December 2015

The know zone

  • Preventative measures
    The new Counter Terrorism and Security Act 2015 places a significant responsibility on schools and colleges and leaders need to ensure they have plans in place to help carry out their duty, says Anna Cole. More
  • Outstanding performance
    Expecting parents to show up out of a sense of duty to your open event no longer cuts the mustard. Every classroom has to be an ‘experience’ and the head’s speech must be a show-stopper, says Carl Smith. More
  • Laws of attraction
    The government has pledged to train an extra 17,500 maths and physics teachers over the next five years. Here, ASCL members share their views on what would work best to make this happen. More
  • Leaders' surgery
    Hotline advice expressed here, and in calls to us, is made in good faith to our members. Schools and colleges should always take formal HR or legal advice from their indemnified provider before acting. More
  • Know your options
    Stephen Casey explains the new laws on freedom and choice in pensions and highlights what you can do to boost your pension at retirement. More
  • A common purpose
    Much of the philosophy of ASCL’s Blueprint applies to both independent and state schools so we should join forces to deliver it, says Barbara Stanley. More
  • Quick CPD wins
    Ten top tips to help you plan and refresh your continuing professional development (CPD) curriculum for staff. More
  • Providing direction for the next generation
    Careermap is a leading new website for 16–24 year-old’s looking for a pathway into apprenticeships and early careers. Since its launch earlier this year, the website is rapidly becoming the go-to place for young people seeking new opportunities in all career sectors. More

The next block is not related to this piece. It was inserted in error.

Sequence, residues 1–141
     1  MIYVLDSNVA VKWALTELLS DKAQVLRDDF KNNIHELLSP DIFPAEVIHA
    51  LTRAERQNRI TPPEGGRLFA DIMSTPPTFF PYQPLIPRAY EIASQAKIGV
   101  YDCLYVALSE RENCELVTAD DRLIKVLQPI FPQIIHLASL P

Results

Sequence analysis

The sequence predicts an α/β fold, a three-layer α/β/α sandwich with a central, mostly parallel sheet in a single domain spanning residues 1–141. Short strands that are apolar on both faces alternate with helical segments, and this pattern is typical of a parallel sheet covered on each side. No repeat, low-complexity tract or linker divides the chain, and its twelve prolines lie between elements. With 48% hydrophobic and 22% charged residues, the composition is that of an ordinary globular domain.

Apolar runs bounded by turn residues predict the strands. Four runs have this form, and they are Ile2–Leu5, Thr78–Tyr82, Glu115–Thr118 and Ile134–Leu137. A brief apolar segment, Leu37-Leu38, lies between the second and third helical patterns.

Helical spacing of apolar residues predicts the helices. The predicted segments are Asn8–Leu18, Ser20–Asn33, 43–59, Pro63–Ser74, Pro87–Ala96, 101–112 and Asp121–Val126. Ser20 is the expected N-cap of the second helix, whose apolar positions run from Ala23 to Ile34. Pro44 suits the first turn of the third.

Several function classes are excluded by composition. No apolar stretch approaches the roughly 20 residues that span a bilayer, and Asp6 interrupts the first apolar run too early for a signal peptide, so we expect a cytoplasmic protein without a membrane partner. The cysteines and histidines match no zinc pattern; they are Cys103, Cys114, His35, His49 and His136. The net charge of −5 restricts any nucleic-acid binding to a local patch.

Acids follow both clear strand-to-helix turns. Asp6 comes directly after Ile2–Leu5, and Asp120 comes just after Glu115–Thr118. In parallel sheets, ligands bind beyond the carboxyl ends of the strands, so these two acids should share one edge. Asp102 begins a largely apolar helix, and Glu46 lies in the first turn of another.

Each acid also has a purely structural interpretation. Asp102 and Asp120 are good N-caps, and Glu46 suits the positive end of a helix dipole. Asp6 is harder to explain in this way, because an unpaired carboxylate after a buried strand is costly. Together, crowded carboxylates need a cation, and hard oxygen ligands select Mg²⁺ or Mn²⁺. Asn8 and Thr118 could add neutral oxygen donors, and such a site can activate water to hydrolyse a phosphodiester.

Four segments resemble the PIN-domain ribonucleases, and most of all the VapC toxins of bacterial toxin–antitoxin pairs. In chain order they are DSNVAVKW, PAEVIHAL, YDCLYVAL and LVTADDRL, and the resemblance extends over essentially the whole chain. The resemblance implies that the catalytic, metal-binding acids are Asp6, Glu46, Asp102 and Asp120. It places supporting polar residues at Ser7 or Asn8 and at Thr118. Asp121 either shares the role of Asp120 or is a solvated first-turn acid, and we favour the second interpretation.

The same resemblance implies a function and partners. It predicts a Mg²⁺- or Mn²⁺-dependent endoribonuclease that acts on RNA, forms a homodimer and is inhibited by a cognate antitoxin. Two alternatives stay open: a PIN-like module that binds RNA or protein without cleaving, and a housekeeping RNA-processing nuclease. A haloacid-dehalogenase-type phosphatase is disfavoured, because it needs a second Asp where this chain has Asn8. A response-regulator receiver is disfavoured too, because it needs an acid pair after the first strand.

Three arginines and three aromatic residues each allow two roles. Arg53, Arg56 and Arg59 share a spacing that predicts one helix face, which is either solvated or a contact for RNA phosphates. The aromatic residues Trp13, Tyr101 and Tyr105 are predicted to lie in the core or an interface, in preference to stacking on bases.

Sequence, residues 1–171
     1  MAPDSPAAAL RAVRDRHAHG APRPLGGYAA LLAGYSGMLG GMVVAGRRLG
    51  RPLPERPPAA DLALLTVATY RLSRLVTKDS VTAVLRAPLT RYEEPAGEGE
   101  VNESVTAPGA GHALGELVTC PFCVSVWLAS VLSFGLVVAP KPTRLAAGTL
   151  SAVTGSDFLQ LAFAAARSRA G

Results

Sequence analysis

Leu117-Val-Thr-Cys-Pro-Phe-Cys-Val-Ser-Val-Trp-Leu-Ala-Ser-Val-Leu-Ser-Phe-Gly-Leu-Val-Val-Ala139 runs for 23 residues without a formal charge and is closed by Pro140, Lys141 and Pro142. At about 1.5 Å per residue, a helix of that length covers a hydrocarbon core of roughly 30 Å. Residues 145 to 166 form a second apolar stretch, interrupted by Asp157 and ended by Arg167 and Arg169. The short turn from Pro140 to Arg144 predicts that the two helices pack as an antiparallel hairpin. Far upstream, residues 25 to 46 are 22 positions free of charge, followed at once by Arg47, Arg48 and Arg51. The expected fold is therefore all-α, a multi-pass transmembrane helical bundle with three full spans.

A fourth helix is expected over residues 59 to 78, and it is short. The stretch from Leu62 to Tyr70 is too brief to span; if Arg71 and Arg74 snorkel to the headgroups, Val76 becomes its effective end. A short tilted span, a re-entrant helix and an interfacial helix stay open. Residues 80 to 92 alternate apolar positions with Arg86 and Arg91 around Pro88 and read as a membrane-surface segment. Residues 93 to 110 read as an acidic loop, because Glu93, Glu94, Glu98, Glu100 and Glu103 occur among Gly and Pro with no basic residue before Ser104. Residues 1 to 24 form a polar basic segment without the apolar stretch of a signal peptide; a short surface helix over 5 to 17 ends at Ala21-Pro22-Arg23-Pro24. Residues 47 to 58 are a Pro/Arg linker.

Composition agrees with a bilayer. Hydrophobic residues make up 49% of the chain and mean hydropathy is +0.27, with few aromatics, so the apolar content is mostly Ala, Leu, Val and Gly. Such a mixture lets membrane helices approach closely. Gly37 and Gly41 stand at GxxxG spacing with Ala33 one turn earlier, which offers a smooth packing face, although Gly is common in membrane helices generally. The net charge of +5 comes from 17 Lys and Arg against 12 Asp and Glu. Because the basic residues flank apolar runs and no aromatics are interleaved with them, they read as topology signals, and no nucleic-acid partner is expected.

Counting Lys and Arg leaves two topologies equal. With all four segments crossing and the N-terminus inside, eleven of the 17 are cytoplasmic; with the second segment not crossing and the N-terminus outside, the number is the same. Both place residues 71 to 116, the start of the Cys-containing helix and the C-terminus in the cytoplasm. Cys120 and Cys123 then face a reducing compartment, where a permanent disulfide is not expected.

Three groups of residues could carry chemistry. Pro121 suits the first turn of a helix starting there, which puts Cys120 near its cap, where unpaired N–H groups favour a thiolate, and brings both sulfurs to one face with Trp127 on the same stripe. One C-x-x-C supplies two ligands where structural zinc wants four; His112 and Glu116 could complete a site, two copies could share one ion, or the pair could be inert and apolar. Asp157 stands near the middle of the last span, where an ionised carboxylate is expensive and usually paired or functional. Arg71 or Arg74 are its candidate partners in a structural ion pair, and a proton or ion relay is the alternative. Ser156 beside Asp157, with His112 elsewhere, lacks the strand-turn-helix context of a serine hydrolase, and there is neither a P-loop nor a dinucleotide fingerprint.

• Professional Learning
    When describing your school’s professional learning, how many of these points can you say yes to? More
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The new Counter Terrorism and Security Act 2015 places a significant responsibility on schools and colleges and leaders need to ensure they have plans in place to help carry out their duty, says Anna Cole.

Preventative measures

Few members will have missed the fact that from July, the new Act introduced the Prevent duty on schools and colleges ‘to have due regard to the need to prevent people being drawn into terrorism’.

In addition, Ofsted will monitor compliance with the new duty. Ofsted has made clear that a school or college with students with extremist ideas can have outstanding practice because it is addressing the issues, working with and talking to its young people, while a school or college that believes it has no problems and is doing nothing can fail in its Prevent duty. 

The context for the government decision to raise the threat from international terrorism to ‘severe’ in 2014 and to introduce this new duty is unfortunately too familiar. Approximately 700 to 800 UK citizens, over 60 of whom are women and girls and many of whom are children, have so far left the UK to travel to Syria or Iraq. Nearly half of the 4,000+ referrals to Channel, the government’s counter-radicalisation scheme, have been young people aged under 18. The UK security services have prevented seven terrorist attacks so far this year and recent events in Paris tragically demonstrate the threat of attacks across Europe remains high.

Alongside the global phenomenon of a rising threat of Islamist extremism is a rise in far-right extremism. A study of 6,000 UK school pupils, by Show Racism the Red Card between 2012-14, found large numbers of pupils felt negative and hostile towards Muslims and these views were fuelled by distorted understanding of the number of immigrants and Muslims in the UK and ignorance of the Islamic faith. These are perceptions that are likely to have become further entrenched. Many leaders I have spoken to report a rise in casual racism and Islamophobia in their schools, others say their Muslim students, growing up in the shadow of 9/11, want to be accepted as good British citizens but feel that the way they and their community is portrayed makes them feel less British which erodes their sense of belonging.